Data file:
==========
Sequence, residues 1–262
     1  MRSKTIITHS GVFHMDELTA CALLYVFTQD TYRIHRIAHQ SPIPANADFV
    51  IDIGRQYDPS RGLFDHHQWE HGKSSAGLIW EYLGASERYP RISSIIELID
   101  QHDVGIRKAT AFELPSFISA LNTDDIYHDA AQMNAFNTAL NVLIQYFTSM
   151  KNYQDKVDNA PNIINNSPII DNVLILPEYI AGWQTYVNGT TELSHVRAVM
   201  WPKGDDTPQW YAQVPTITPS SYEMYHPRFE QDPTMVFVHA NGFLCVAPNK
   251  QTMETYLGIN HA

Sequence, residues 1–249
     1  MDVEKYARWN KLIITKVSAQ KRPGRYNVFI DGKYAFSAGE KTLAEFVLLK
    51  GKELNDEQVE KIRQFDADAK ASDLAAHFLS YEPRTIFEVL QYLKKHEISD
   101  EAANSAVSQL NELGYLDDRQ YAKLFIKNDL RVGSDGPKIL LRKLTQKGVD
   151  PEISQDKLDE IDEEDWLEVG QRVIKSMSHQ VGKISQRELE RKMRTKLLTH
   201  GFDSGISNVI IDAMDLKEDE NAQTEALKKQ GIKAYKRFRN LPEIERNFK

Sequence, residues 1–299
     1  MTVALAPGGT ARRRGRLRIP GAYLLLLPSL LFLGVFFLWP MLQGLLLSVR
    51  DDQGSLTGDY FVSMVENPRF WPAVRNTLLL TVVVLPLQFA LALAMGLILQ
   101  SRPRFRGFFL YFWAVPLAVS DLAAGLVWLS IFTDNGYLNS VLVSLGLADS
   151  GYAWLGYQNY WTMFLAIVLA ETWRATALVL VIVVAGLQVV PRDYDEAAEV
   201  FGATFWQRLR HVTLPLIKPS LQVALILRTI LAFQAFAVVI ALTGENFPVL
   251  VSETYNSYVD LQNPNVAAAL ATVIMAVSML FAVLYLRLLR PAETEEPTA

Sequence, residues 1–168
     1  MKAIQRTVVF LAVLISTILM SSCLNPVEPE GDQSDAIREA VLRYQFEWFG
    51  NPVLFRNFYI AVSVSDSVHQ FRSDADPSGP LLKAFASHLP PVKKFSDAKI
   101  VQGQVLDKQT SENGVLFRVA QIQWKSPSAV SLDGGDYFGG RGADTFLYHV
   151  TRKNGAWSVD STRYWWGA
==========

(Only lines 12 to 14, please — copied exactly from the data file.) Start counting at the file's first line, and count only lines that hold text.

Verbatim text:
   151  PEISQDKLDE IDEEDWLEVG QRVIKSMSHQ VGKISQRELE RKMRTKLLTH
   201  GFDSGISNVI IDAMDLKEDE NAQTEALKKQ GIKAYKRFRN LPEIERNFK

Sequence, residues 1–299